Over the last couple of decades, regional wine has rooted itself in all 50 states.
There's a rather feisty attitude among many wine drinkers, buyers, sellers and writers who inhabit "the other 47." With panel topics like, "We Don't Need No Stinkin' Vinifera," wine fans who don't live in California, Washington or Oregon gathered in St. Louis recently for the third annual Drink Local Wine celebration.
Author Todd Kliman’s history of the American grape, Norton’s Virginia Seedling, starts off in an almost sultry manner as he teases the reader by veiling his intent. What begins to look like an unhealthy promotion of a single vineyard, Chrysalis, breaks the bonds of being a wine book and launches into the story of an American epic, a battle against nature and God: the stuff of Manifest Destiny as fought by American outsiders.
The best-kept secret in the American wine industry celebrates its 30th anniversary this year. The secret? The fact that the first place to receive an American Viticultural Area designation is the small town of Augusta, Missouri.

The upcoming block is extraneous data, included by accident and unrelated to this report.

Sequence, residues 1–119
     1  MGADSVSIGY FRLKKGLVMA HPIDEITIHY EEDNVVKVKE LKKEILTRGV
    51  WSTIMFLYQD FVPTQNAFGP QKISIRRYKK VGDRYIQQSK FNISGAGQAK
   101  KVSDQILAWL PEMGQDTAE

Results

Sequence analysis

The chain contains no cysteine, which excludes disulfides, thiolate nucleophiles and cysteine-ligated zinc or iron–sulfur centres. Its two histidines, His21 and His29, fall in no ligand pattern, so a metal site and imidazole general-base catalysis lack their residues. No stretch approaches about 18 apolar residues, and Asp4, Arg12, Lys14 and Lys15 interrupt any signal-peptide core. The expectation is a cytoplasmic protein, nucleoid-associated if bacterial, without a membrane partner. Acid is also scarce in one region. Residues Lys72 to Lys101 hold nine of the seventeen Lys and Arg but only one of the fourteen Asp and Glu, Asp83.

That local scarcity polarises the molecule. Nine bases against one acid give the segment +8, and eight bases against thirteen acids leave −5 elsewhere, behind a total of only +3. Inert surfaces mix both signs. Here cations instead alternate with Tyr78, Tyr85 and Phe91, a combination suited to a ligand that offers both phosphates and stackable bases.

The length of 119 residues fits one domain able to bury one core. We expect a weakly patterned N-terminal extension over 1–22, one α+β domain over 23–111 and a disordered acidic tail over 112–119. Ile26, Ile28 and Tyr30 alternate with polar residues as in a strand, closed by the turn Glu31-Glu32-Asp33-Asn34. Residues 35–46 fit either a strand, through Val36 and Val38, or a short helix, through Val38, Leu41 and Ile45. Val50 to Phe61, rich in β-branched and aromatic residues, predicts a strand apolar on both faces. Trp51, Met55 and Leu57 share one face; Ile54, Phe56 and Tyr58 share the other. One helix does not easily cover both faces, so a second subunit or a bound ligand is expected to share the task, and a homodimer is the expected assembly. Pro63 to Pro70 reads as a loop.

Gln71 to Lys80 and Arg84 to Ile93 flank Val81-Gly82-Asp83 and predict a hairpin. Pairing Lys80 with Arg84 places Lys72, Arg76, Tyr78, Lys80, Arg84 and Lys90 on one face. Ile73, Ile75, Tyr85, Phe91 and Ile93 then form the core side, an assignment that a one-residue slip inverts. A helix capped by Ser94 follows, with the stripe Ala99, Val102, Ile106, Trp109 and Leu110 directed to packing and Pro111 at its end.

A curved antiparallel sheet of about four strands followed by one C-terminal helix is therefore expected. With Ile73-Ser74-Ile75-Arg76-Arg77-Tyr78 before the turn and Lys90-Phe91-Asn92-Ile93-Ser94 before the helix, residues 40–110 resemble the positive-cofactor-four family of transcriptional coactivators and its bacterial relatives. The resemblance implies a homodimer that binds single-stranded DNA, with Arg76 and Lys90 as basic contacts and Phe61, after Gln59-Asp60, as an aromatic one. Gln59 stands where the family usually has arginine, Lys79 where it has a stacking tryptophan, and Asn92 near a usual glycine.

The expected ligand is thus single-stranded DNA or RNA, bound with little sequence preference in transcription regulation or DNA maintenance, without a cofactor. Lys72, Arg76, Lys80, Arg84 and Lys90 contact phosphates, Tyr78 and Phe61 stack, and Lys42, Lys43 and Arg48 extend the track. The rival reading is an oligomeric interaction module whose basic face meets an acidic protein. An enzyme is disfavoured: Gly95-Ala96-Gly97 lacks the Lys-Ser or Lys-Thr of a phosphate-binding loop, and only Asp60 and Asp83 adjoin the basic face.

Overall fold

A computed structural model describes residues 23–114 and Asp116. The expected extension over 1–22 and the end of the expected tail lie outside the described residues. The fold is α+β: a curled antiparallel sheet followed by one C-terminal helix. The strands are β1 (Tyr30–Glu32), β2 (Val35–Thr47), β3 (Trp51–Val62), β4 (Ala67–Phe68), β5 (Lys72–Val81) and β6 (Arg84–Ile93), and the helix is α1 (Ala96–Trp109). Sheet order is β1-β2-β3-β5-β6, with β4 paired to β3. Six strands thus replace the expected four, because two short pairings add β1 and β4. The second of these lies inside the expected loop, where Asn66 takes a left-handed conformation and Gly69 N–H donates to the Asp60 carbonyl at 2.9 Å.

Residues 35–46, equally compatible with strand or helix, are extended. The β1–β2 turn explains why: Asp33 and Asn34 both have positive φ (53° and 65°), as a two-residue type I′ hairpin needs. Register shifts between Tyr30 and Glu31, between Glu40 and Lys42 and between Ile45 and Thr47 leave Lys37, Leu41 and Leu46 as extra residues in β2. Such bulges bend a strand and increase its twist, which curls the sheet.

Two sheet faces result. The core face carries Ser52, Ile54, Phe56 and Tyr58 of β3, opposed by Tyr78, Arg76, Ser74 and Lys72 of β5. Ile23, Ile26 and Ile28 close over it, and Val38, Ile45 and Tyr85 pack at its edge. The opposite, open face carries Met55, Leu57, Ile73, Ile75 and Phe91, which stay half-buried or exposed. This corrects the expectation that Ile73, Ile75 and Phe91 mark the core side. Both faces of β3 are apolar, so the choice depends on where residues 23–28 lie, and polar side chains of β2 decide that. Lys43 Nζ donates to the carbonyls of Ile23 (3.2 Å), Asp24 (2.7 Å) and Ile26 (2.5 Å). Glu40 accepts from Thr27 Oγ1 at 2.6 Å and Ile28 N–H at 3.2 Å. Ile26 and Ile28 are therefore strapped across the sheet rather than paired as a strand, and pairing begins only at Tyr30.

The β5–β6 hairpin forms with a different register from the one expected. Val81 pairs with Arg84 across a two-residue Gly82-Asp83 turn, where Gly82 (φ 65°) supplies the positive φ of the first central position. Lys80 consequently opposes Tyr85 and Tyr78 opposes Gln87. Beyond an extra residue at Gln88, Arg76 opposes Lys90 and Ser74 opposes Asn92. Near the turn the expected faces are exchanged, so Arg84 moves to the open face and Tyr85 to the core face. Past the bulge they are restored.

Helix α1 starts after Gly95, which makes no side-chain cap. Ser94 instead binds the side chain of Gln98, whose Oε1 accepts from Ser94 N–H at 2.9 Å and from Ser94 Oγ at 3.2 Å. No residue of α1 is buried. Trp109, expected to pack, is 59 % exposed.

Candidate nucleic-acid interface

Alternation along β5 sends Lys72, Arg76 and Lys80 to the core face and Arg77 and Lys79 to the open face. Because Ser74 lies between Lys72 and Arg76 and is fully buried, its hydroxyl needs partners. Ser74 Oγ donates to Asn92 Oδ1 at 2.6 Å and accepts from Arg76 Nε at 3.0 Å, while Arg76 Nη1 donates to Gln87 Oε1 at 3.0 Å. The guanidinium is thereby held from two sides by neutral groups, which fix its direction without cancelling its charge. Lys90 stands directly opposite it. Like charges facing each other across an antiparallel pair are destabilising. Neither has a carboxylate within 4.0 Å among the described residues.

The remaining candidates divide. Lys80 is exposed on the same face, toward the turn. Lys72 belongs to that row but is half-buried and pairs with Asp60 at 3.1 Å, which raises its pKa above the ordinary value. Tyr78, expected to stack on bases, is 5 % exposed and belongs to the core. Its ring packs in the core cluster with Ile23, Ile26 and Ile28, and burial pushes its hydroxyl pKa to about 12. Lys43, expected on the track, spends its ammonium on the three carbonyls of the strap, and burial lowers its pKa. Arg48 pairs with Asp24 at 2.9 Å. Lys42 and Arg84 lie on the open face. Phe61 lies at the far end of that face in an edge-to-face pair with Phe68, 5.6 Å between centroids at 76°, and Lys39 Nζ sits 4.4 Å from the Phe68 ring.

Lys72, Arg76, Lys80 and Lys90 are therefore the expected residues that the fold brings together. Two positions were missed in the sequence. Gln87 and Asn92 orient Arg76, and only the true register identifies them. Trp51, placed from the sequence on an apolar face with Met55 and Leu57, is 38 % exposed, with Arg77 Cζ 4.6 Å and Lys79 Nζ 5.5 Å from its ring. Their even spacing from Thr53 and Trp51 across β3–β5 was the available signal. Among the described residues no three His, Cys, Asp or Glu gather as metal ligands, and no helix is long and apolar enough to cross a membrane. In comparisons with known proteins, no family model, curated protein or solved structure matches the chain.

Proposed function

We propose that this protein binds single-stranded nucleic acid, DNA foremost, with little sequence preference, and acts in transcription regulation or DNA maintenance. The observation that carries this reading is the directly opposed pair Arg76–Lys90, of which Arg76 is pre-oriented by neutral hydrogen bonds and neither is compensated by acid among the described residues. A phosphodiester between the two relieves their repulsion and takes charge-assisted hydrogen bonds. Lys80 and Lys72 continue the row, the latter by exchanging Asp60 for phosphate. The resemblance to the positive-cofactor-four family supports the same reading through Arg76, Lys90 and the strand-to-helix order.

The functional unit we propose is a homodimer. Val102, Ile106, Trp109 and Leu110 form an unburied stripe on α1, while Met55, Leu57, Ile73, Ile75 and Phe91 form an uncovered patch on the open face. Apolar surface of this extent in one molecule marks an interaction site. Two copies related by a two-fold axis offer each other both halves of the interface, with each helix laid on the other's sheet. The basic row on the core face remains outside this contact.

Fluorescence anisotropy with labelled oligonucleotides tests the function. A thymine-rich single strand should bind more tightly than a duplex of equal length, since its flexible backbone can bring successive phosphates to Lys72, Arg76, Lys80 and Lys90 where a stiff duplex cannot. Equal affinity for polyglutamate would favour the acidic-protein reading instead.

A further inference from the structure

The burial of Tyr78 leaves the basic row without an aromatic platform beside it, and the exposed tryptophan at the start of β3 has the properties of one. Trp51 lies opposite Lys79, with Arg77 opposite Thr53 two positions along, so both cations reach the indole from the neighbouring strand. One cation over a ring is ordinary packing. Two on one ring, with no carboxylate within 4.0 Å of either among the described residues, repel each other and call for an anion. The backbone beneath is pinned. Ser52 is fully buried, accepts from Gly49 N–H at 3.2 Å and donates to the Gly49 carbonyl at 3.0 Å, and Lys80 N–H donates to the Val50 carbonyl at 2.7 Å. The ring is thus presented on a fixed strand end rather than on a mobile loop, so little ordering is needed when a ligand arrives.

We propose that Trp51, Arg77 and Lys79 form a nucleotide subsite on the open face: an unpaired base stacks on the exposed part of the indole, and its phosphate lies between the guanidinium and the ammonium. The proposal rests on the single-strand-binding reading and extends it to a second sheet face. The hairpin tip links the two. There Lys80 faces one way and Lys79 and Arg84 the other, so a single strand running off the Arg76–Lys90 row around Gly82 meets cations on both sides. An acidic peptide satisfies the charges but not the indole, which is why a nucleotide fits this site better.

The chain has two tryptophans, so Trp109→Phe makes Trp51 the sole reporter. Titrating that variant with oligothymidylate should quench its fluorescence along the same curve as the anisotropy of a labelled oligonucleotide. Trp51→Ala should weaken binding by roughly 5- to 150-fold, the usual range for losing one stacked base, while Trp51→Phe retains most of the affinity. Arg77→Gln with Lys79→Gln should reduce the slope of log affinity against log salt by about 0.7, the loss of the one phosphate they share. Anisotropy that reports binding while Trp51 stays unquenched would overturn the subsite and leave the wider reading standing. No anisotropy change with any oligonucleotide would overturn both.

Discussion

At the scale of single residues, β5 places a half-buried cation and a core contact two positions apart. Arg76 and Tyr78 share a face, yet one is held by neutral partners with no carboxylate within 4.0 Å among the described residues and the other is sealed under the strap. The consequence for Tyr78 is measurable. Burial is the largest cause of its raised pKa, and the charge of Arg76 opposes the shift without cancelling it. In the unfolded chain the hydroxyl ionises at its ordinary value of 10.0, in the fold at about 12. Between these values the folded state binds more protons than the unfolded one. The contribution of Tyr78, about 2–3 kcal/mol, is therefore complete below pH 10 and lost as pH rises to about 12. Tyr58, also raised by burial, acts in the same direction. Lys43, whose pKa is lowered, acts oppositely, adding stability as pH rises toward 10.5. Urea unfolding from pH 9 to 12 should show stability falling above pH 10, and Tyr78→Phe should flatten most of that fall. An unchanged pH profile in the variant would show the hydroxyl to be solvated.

The heritage of the grapes that make our favorite wines has always been European, but will it remain so? Are there currently legitimate rivals to the vinifera monopoly that has ruled our palates? “Drink American” could be the slogan for the United States’ fairly recent class of vanguard winemakers and vintners declaring that there are.
Visitors to St. Louis often want to go see the Arch, or take in a Cardinals game. But for our guests who are up for more than just the usual tourist sites, one of the places I take them, particularly if they're foodies or lovers of urban neighborhoods, is The Hill.